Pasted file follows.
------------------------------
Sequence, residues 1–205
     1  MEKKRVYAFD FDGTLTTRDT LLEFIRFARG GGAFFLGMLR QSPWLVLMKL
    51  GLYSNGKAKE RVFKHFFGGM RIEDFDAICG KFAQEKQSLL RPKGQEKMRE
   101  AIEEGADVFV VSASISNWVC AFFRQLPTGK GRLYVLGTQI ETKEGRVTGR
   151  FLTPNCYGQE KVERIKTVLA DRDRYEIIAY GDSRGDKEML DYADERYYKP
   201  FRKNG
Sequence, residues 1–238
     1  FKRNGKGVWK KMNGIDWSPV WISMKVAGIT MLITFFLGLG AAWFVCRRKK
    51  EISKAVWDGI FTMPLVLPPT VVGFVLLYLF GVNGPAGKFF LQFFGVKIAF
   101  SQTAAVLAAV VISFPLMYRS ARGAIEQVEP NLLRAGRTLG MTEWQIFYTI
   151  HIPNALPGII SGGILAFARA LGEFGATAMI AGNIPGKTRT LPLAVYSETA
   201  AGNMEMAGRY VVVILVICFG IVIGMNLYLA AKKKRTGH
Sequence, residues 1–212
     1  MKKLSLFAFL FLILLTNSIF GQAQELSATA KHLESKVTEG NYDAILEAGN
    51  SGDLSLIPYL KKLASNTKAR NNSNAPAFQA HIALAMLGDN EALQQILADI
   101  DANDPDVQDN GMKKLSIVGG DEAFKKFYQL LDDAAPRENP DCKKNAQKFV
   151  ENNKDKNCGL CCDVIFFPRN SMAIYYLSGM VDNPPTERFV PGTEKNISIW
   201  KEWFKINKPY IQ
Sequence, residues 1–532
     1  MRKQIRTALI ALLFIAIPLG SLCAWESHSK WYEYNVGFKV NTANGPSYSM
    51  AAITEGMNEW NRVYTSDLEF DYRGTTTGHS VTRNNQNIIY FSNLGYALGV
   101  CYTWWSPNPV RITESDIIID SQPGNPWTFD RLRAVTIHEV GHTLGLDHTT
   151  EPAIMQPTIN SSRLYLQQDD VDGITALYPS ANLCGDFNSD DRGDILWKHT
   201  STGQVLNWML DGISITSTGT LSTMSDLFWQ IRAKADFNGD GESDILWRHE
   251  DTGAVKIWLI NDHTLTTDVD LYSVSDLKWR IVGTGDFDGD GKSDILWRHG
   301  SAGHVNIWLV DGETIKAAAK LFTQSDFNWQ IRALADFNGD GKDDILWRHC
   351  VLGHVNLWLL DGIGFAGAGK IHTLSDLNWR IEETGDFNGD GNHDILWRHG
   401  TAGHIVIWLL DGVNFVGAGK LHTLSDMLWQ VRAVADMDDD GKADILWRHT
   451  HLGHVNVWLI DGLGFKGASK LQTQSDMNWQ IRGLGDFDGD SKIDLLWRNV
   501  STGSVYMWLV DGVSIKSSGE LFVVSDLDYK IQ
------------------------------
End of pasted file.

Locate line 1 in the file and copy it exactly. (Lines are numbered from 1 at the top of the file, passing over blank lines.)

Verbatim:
Sequence, residues 1–205